We’ve had the Nuggets, Pebbles and Rubble compilations when most of the kids – like the groups here – have just wanted to be a rolling stone. Heck, even adults just want to be Mick Jagger (or at least perform his moves). From the atrocious busker that’s often seen around Haymarket to the skinny-jean-wearing hipster types. You know who you are.
Down Under Nuggets: Original Australian Artyfacts 1965-1967 is a compilation that coincides with the 40th anniversary of the collection that kick-started it all. Nuggets: Original Artyfacts from the First Psychedelic Era 1965-1967 was compiled and released in the early seventies. The curator was Patti Smith guitarist and rock critic, Lenny Kaye. It combined an influential bunch of American garage rock and psychedelic singles that would prove both ground-breaking and enduring.
This home-grown version uses the same idea as its predecessor. It’s a primer containing back-to-basics sixties rock of the fuzzy, echo-laden and snarling guitar variety. The location is once again in the garage although the scene was predominantly considered underground. This is the Australian contingent producing their own take on The Beatles and The Stones; hits like “Green Onions”; and the skiffle, blues, surf, rock, folk, pop and jazz schools of thought that were popular at home and abroad.
The Bee Gees are easily the most famous artists on this set but they appear as you’ve never heard them before. The brothers Gibb are spitting out vocals like ol’ Mick on “Like Nobody Else”, while performing some fine rock ’n’ roll. At times this could be from another planet when you consider how different it is to their more famous hits, “Spicks & Specks” and “Stayin’ Alive”.
Another popular group are The Easybeats with “Sorry”. This is an amazing song with an equally breathtaking and scratchy lead guitar riff. Like most of the tracks on this compilation it’s positively electric and so short, sharp and punchy. The Loved Ones’ “The Loved One” also fits this category to a tee and is a master exercise in creative tinkering where musicians should take multiple notes.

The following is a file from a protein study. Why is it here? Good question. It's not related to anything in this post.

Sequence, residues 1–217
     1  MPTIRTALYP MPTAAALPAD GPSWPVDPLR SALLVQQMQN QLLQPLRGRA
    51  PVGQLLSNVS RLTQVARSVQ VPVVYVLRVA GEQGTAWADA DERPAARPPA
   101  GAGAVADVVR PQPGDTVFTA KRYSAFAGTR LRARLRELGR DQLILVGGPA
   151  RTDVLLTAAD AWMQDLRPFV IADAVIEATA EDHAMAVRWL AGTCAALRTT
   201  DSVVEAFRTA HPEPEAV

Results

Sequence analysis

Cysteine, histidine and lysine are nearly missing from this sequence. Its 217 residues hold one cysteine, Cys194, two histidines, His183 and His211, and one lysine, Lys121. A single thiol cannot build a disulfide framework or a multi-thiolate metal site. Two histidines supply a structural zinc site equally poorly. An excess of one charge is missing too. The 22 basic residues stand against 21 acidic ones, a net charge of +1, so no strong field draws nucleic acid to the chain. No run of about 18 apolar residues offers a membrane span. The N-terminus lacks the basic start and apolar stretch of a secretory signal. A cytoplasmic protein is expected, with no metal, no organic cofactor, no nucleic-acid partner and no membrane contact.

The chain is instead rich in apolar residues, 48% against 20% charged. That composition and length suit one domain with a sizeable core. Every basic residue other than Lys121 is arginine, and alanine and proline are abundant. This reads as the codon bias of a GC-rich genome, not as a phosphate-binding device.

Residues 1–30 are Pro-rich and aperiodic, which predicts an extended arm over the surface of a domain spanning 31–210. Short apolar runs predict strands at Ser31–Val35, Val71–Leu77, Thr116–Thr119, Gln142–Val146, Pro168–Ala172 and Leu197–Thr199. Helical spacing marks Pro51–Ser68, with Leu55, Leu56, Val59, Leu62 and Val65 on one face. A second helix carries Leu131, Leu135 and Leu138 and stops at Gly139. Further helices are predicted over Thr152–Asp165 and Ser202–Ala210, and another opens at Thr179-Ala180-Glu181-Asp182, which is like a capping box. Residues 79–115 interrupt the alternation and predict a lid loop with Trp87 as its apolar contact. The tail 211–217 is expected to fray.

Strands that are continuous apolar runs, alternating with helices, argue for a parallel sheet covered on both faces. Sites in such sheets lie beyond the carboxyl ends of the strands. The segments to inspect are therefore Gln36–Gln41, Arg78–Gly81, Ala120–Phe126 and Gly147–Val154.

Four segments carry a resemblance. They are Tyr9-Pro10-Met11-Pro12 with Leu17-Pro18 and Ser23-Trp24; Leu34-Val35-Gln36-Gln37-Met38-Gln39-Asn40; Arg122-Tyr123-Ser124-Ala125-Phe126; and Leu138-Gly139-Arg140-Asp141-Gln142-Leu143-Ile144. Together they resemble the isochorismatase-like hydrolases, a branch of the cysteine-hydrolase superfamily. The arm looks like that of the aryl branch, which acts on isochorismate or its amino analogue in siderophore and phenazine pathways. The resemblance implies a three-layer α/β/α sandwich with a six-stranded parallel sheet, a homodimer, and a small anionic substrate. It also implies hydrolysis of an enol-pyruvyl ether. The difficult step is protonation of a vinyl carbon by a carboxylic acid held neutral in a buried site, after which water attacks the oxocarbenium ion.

There was also a fair bit of cross-pollination between the different beat groups. Guitarist, Lobby Lloyde appears in The Purple Hearts’ “Early in the Morning” where he bends and twists his guitar like a snake charmer. He also plays in The Wild Cherries who are represented here with “Krome Plated Yabby”.
Another highlight is The Throb’s sludge and feedback-ridden take of an original folk tune. Barrington Davis meanwhile, borrows some guitar-work from men with a similar surname (Ray and Dave Davies of The Kinks). The guitar may reign supreme here but the Hammond organ is another key feature in various tracks. In The Missing Links’ ”Wild About You” the sound of it warming up creates a space-vibe while The Master’s Apprentice’s “Buried” boasts lots of harmonica and Theremin.
Down Under Nuggets won’t change the world or even the current musical landscape. And it does cover similar ground to Nuggets II and other like-minded compilations from the era, but it still an interesting and worthy listen of some underrated Australian talent. If nothing else it will make you want to plug an old guitar into a fuzzy amp and scream “C’mon Aussie, C’mon!”
Originally published on 7 March 2013 at the following website: http://www.the59thsound.com/nuggets—down-under-07032013.html
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